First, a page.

LAS CRUCES, N.M. - The New Mexico Department of Health announced Jan. 6 that a 51-year-old man from McKinley County is hospitalized in Albuquerque in the first diagnosed case of Hantavirus Pulmonary Syndrome this year in New Mexico. An environmental investigation will be conducted to determine where the man may have been exposed to the virus.
"All New Mexicans should be aware of this disease and take precautions to avoid rodents and their droppings," said Dr. Paul Ettestad, the Department of Health's public health veterinarian. "This is especially important at this time of year when the cold weather is causing rodents to seek shelter and food in homes and other buildings. The best defense against Hantavirus is to seal up your house so mice can't enter and avoid disturbing areas of rodent infestation, including nests and droppings."
Hantavirus is a deadly disease transmitted by infected rodents through urine, droppings or saliva. People can contract the disease when they breathe in aerosolized virus. The deer mouse is the main carrier for Hantavirus in New Mexico. The Department of Health urges health-care workers and the general public to familiarize themselves with the symptoms of Hantavirus.
Early symptoms of Hantavirus are fever and muscle aches, possibly with chills, headache, nausea, vomiting, diarrhea, abdominal pain and cough. These symptoms develop within one to six weeks after rodent exposure. Although there is no specific treatment for Hantavirus, chances for recovery are better if medical attention is sought early.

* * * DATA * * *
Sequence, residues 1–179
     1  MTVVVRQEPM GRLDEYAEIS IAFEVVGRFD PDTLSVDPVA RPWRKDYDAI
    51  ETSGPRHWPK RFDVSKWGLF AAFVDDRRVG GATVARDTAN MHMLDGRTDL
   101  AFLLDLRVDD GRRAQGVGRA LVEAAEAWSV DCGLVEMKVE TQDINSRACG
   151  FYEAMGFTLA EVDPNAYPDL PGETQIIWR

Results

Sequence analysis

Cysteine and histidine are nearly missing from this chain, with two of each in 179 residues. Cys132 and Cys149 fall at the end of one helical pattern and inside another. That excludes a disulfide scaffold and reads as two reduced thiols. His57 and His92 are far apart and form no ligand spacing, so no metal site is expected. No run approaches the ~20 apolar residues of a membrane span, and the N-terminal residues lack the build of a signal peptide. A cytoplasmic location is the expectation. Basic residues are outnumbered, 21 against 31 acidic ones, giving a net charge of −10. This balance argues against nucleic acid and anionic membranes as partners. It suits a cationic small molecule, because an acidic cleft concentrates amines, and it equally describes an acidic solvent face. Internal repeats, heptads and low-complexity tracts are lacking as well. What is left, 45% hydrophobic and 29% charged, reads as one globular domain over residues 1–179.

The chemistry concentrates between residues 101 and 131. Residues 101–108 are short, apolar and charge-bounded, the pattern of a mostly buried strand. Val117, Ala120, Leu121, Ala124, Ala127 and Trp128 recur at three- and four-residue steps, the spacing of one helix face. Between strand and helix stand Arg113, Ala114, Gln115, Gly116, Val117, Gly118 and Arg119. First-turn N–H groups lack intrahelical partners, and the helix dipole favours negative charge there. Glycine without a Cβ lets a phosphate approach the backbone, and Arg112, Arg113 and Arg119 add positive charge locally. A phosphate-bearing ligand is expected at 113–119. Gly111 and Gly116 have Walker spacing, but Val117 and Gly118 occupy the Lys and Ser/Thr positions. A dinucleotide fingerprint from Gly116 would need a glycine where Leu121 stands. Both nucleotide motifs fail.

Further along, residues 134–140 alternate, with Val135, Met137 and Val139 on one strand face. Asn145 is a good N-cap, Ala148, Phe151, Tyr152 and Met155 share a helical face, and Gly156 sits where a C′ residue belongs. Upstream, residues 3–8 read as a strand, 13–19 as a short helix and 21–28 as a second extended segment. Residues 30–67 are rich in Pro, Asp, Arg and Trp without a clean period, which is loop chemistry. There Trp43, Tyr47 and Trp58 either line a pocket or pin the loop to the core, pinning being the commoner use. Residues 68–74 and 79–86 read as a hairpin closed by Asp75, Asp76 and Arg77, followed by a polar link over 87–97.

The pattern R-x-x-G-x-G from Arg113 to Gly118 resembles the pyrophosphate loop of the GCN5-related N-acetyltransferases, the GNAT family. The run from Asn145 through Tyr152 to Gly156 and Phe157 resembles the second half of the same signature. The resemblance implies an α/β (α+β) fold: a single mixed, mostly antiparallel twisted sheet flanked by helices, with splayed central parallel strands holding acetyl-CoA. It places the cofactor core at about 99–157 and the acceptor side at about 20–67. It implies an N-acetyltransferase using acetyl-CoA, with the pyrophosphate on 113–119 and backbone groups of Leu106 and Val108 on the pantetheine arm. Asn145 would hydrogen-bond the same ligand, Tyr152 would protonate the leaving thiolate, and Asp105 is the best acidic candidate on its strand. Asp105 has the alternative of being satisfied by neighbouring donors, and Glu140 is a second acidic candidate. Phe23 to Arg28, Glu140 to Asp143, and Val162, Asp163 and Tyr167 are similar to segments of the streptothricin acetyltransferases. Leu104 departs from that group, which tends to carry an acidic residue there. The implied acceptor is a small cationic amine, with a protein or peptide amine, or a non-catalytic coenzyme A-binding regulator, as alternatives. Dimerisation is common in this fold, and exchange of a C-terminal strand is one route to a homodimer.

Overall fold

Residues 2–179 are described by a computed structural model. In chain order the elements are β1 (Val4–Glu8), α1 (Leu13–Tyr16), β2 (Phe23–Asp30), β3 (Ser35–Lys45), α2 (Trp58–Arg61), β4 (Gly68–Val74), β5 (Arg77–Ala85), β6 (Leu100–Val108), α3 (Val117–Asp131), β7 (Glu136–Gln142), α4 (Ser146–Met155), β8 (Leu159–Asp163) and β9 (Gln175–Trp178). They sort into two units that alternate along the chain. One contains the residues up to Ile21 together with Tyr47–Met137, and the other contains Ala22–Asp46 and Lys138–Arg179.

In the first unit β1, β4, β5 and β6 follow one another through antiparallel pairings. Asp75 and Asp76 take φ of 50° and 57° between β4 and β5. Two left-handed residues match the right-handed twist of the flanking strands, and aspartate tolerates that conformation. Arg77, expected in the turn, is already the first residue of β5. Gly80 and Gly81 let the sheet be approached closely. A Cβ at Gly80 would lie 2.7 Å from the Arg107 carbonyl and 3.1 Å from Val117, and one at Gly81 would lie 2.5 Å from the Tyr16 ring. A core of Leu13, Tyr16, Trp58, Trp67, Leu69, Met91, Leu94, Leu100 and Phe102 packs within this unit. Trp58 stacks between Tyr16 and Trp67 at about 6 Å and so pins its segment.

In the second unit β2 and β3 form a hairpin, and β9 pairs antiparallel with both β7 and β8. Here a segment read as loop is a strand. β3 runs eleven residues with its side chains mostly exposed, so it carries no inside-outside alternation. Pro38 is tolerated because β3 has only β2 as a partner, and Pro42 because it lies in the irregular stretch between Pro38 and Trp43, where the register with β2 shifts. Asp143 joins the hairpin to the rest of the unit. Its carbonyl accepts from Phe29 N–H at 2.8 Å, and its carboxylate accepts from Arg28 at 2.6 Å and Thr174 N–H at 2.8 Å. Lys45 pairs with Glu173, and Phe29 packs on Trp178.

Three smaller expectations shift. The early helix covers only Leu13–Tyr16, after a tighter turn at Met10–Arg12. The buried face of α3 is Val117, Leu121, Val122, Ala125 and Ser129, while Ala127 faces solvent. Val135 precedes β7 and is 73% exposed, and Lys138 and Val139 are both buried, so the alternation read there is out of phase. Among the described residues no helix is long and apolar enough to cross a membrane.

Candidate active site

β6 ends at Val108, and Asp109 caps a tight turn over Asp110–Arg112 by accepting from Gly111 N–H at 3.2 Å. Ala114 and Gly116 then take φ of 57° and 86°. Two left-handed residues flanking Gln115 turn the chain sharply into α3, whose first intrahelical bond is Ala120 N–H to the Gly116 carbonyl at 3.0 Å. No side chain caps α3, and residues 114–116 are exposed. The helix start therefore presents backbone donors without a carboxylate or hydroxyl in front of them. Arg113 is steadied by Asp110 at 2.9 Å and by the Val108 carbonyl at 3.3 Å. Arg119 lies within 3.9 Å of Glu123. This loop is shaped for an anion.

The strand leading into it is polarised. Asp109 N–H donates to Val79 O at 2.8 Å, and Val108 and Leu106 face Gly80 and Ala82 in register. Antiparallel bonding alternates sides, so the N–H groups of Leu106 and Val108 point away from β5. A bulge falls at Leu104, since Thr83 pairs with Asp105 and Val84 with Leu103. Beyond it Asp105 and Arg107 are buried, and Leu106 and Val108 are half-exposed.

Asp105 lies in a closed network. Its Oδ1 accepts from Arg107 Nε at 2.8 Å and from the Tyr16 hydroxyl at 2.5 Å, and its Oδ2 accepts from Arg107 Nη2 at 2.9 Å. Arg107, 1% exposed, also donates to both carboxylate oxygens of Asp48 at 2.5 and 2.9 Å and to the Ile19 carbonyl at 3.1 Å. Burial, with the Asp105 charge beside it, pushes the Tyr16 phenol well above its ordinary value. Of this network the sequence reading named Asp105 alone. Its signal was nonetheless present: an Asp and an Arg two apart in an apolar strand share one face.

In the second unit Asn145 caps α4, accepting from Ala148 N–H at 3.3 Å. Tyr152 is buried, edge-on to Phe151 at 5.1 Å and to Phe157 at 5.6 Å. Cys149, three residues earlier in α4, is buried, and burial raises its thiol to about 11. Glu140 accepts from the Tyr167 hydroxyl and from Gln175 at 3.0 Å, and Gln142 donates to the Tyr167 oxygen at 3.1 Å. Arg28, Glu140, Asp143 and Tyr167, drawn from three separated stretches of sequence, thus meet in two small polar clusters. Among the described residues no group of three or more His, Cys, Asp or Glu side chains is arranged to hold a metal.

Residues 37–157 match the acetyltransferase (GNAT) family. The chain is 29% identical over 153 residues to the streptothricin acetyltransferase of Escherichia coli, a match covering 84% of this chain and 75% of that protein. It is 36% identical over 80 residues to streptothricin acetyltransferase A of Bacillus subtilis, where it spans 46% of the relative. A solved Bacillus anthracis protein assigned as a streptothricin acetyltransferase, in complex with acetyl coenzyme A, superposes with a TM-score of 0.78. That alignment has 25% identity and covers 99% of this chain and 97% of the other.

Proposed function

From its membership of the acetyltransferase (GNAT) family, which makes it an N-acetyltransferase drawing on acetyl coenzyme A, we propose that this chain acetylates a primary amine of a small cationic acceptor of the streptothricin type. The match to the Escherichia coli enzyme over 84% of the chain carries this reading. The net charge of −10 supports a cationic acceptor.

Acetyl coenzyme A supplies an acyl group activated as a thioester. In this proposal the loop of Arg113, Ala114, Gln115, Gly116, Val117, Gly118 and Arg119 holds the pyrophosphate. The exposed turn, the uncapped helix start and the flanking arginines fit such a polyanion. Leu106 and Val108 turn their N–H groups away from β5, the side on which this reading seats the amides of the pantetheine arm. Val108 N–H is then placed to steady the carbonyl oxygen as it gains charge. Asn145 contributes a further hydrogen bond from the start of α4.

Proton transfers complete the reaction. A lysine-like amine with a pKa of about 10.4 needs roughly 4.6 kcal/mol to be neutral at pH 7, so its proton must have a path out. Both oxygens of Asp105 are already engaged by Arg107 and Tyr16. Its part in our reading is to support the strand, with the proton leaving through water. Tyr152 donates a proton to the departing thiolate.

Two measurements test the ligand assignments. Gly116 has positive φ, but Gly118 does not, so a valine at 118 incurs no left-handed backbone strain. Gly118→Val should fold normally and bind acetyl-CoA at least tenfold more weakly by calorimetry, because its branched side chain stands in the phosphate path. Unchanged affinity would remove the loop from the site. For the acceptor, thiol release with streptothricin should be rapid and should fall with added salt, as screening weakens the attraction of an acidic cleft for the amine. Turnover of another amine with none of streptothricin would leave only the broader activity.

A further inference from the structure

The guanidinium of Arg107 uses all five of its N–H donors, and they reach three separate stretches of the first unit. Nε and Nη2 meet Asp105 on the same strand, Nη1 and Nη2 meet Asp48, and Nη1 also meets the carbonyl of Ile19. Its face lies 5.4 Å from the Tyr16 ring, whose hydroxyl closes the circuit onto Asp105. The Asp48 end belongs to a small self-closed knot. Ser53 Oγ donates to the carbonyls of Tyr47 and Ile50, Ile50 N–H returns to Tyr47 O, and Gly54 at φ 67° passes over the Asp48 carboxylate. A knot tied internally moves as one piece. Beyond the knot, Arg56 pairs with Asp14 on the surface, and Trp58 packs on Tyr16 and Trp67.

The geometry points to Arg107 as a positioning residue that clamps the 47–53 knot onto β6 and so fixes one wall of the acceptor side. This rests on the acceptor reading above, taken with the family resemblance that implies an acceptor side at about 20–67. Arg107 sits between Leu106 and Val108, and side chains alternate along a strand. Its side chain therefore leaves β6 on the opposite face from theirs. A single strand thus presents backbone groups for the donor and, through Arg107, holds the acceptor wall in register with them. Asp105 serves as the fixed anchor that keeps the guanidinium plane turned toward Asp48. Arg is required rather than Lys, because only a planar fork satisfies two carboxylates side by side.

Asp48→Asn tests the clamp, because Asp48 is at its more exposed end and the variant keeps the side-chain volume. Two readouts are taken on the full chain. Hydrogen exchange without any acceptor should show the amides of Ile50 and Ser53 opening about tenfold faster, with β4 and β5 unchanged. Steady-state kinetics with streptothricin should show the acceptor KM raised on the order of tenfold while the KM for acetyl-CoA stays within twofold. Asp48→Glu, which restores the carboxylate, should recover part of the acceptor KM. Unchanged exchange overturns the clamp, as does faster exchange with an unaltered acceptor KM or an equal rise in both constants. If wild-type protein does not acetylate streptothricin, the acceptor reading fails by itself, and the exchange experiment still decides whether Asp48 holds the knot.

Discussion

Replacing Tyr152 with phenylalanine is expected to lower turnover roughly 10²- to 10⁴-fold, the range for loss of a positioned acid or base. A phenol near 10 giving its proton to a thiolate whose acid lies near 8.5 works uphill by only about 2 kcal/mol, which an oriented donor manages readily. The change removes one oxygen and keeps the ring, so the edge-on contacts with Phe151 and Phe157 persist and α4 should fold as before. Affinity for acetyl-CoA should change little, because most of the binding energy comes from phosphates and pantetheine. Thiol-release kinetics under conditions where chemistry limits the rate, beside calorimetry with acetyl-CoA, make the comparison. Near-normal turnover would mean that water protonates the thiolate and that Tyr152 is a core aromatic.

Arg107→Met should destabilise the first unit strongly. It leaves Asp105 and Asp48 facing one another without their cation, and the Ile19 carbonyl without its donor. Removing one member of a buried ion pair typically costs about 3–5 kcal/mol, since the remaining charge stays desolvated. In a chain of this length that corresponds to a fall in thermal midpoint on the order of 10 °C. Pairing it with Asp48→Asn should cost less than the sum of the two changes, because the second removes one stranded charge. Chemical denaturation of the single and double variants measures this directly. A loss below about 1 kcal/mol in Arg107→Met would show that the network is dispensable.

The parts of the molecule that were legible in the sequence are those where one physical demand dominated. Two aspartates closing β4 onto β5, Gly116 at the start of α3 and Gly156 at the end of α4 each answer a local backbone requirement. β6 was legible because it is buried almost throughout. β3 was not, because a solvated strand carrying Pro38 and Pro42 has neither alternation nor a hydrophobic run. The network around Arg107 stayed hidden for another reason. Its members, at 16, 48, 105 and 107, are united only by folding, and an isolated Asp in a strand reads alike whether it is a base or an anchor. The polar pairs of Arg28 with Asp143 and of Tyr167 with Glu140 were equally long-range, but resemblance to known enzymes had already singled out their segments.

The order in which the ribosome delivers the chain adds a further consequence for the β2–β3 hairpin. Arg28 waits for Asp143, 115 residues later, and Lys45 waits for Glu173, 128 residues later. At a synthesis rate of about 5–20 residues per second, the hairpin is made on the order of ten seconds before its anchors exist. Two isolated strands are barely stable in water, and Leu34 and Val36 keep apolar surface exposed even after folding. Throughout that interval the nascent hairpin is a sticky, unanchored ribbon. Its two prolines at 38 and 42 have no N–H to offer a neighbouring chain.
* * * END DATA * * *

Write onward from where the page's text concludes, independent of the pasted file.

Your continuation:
To protect yourself, avoid contact with mice and other rodents.
Other important steps are:
Air out closed up buildings before entering.
Seal up homes and cabins so mice can't enter.
Trap mice until they are all gone.
Clean up nests and droppings using a disinfectant.
Put hay, wood, and compost piles as far as possible from your home.
Get rid of trash and junk piles.
Don't leave your pet's food and water where mice can get to it.
While this case was diagnosed in 2011, the man became sick with the diseases in December 2010. There was one case of Hantavirus in May 2010 in a McKinley County woman who recovered. In 2009 there we four cases of Hantavirus from Santa Fe, Taos, San Miguel, and Rio Arriba counties. None of the 2009 cases were fatal. In 2008, New Mexico had two cases of Hantavirus, both fatal, from Taos and Otero counties.
For more information about Hantavirus visit www.health.state.nm.us/ERD/HealthData/hantavirus.shtml.
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